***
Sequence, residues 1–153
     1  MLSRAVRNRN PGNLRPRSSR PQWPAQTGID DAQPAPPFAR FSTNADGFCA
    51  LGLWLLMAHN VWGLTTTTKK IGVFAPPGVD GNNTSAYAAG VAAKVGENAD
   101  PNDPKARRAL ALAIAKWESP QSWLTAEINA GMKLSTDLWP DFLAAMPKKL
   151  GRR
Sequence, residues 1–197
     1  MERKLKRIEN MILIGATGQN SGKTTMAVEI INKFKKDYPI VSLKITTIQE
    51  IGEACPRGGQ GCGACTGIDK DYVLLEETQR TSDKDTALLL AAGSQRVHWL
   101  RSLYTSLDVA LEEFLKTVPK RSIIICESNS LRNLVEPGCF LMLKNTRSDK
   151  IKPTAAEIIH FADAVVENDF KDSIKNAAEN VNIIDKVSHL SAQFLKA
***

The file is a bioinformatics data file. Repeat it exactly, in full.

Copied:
Sequence, residues 1–153
     1  MLSRAVRNRN PGNLRPRSSR PQWPAQTGID DAQPAPPFAR FSTNADGFCA
    51  LGLWLLMAHN VWGLTTTTKK IGVFAPPGVD GNNTSAYAAG VAAKVGENAD
   101  PNDPKARRAL ALAIAKWESP QSWLTAEINA GMKLSTDLWP DFLAAMPKKL
   151  GRR
Sequence, residues 1–197
     1  MERKLKRIEN MILIGATGQN SGKTTMAVEI INKFKKDYPI VSLKITTIQE
    51  IGEACPRGGQ GCGACTGIDK DYVLLEETQR TSDKDTALLL AAGSQRVHWL
   101  RSLYTSLDVA LEEFLKTVPK RSIIICESNS LRNLVEPGCF LMLKNTRSDK
   151  IKPTAAEIIH FADAVVENDF KDSIKNAAEN VNIIDKVSHL SAQFLKA